And of course one of the reasons they say this is because God isn’t running things the way they would if they were God. That is one of the frustrating things about God, isn't it? As the poet William Cowper said, "God moves in a mysterious way his wonders to perform." The ways of God are full of mystery to us. We have to accept the fact that there are times when we just cannot understand how God is moving. It doesn’t seem to make sense, and the instruments he chooses are sometimes so - so - well, so ungodly. God is so unorthodox. He just doesn’t seem to realize how unseemly it is to use “bad people” to accomplish his ends. But one of the things that you do learn about God, after you’ve lived with him for a while, is that he is always doing the unexpected. It isn’t because he’s playing gotcha games with us, but because his horizon is so broad, his perspective so beyond ours, we simply aren’t able to grasp the whole pattern - even when he tries to explain it!

Now Habakkuk was first puzzled by God’s strange silence, and then taken aback by God’s solution. But it’s what he does next that we need to focus on. Habakkuk’s response to the problem of God’s silence or eccentricity has four very simple steps.

First of all, stop and think. Take a deep breath and get your emotions under control. Don’t let panic grip you, or imagine unspeakable horrors. Stop and think. But about what? Well, about God. Remind yourself of the basic things you know about God. Don’t try to jump over this piece, like turning to the back of a mystery to find out whodunnit. Back away from the immediate problem and focus on God. Notice how Habbakuk does it. “Are you not from of old, O YHWH my God, my Holy One? You shall not die.” {Hab 1:12}

There are some profound truths in that simple rhetorical question, "Are you not from of old?” The first thing that Habakkuk focuses on is that God is from before time began. He created history, and is above and beyond it. And then Habakkuk answers his own question, “You shall not die.” God is before the beginning and after the end. He is eternal God and eternally God. When the Chaldeans do come, they will trust in their own might. "Oh, yes," Habakkuk reflects, "but my God isn’t one of these local tribal deities. My God covers history and governs events, is the only everlasting God."

His use of God’s special name reminds us of something else, too. Remember that when the word "Lord" is all in capital letters, it is a translation of the Hebrew word called the Tetragrammaton, or the four letters, YHWH. It means "I am that I am," The name that God revealed to Moses when he was in Egypt, saying, “tell Pharaoh that 'I am that I am' sent you." (Ex. 3:14)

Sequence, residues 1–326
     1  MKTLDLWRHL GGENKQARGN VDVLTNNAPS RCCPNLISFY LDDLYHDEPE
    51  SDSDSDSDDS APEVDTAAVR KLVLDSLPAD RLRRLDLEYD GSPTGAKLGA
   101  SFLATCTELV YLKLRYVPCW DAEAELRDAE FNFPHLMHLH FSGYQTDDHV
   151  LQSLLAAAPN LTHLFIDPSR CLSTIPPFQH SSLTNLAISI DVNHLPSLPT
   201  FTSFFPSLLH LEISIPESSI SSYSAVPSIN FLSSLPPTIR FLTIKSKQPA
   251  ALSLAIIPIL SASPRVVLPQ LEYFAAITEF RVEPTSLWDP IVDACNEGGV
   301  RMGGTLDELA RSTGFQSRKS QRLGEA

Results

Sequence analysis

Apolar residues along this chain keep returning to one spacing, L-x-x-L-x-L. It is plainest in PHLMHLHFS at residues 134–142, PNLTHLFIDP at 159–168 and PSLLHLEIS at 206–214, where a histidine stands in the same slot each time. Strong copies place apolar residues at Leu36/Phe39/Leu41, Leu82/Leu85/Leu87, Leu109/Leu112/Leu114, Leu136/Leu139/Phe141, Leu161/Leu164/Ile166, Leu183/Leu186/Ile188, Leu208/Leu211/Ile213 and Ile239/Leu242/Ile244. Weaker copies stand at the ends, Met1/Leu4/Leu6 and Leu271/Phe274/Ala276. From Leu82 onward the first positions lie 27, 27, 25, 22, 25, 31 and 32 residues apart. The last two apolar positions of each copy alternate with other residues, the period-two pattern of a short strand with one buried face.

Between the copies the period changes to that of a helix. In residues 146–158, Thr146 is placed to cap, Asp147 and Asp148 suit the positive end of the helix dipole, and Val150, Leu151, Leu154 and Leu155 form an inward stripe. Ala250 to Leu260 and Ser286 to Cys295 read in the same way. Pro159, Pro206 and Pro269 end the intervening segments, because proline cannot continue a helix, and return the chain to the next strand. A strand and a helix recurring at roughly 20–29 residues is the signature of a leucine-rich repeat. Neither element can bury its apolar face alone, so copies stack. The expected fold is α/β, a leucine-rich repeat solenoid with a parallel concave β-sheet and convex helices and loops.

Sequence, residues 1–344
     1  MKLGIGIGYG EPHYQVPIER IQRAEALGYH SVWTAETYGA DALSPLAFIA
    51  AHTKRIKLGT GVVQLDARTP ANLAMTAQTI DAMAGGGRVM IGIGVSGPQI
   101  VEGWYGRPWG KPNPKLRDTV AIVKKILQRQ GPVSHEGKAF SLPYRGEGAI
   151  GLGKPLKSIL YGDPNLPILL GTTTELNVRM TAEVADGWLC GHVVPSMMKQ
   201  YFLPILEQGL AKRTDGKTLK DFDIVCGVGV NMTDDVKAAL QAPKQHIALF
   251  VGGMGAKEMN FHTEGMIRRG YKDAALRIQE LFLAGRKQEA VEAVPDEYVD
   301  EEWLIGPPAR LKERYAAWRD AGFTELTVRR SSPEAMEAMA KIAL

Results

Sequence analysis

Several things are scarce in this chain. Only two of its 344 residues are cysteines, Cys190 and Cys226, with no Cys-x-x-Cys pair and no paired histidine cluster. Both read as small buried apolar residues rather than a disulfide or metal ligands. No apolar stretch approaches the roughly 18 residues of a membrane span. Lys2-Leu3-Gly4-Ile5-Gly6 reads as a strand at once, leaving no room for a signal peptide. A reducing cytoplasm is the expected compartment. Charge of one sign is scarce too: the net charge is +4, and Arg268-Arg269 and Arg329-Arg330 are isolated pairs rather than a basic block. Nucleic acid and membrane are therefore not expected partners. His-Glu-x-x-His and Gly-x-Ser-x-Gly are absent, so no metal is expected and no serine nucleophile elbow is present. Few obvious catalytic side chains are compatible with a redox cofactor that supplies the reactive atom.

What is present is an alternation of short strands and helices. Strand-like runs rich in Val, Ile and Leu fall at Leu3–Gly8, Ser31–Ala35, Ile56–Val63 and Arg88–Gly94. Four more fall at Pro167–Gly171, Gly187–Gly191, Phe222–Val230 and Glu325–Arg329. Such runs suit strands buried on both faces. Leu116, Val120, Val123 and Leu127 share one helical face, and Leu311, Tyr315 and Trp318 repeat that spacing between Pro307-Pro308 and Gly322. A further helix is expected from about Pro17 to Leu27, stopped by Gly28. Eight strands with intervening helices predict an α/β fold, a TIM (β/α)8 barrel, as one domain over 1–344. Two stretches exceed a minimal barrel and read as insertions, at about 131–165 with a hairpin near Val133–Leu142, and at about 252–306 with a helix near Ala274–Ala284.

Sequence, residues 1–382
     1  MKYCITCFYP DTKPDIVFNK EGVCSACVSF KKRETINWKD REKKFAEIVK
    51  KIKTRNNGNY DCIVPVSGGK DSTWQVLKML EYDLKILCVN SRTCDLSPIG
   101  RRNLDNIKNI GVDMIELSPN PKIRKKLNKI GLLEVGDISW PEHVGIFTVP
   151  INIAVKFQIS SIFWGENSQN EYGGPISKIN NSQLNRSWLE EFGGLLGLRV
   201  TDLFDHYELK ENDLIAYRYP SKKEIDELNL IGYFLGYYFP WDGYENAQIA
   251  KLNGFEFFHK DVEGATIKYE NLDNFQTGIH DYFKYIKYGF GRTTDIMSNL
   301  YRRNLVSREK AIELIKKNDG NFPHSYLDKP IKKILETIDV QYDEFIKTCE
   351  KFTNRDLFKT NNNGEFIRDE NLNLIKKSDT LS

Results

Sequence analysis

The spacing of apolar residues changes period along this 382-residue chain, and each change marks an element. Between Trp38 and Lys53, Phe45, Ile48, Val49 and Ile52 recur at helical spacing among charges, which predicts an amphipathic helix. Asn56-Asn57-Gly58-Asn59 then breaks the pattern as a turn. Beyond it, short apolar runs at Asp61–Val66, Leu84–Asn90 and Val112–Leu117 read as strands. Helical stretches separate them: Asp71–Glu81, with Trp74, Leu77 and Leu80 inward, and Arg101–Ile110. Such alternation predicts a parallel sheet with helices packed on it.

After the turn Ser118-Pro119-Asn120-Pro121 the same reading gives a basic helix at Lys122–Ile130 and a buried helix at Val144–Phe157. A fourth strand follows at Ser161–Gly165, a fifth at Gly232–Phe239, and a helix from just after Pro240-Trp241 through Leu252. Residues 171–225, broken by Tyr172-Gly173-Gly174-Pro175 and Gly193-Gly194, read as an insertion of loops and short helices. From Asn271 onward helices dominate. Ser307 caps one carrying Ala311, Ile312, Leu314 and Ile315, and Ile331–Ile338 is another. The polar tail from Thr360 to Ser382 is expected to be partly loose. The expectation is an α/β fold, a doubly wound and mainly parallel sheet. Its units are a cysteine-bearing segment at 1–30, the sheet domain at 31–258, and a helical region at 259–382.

Do you know why Habakkuk reminded himself of this? Because there were people in his day - just like in ours - going around saying that Moses’ God, the God of the Covenant, was dead, or at least powerless or uninterested. There always are. There is absolutely nothing new in this. We are not the first generation to come up with this daring, revolutionary idea. And even though people around him were saying that it’s useless to appeal to a lifeless God, Habakkuk went right back to what he knew to be true. God cannot die. It is impossible for a self-existent person to die. The absolute unchangeability of God is reflected throughout Scripture. The writer of Hebrews says,

"In the beginning, Lord, you founded the earth, and the heavens are the work of your hands; they will perish, but you remain; they will all wear out like clothing; like a cloak you will roll them up, and like clothing they will be changed. But you are the same, and your years will never end." (Heb. 1:10-12)

"Jesus Christ is the same yesterday and today and forever".[Heb 13:8] "there is no variation or shadow due to change." [Js 1-17]

By going through this process, Habakkuk reminds himself of the fact that God keeps his promises. The arrangement God made with Abraham is still on. God promised that he would never allow his people to be eliminated from the earth. That gives him the courage to face this new threat. Yes, the Chaldeans are going to come raging across the land. Yes, his own beloved Jerusalem will be ravished and captured, his people will be led away into captivity. But God will not let the worst happen. They will not die out. They will not be eliminated. God's faithfulness remains. He is unchangeable. So in step 3 Habakkuk comes to the reluctant under standing that God’s planned punishment is a necessary part of the